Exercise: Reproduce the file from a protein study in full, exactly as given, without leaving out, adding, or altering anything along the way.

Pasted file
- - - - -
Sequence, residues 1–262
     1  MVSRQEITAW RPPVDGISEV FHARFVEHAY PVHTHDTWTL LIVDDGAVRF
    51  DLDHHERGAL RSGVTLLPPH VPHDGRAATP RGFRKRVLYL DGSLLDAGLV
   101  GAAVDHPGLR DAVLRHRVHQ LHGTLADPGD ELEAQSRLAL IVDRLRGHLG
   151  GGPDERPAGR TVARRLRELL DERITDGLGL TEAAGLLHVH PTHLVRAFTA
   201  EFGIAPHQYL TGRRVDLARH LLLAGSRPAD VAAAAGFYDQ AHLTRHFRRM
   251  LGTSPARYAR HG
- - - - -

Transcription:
Sequence, residues 1–262
     1  MVSRQEITAW RPPVDGISEV FHARFVEHAY PVHTHDTWTL LIVDDGAVRF
    51  DLDHHERGAL RSGVTLLPPH VPHDGRAATP RGFRKRVLYL DGSLLDAGLV
   101  GAAVDHPGLR DAVLRHRVHQ LHGTLADPGD ELEAQSRLAL IVDRLRGHLG
   151  GGPDERPAGR TVARRLRELL DERITDGLGL TEAAGLLHVH PTHLVRAFTA
   201  EFGIAPHQYL TGRRVDLARH LLLAGSRPAD VAAAAGFYDQ AHLTRHFRRM
   251  LGTSPARYAR HG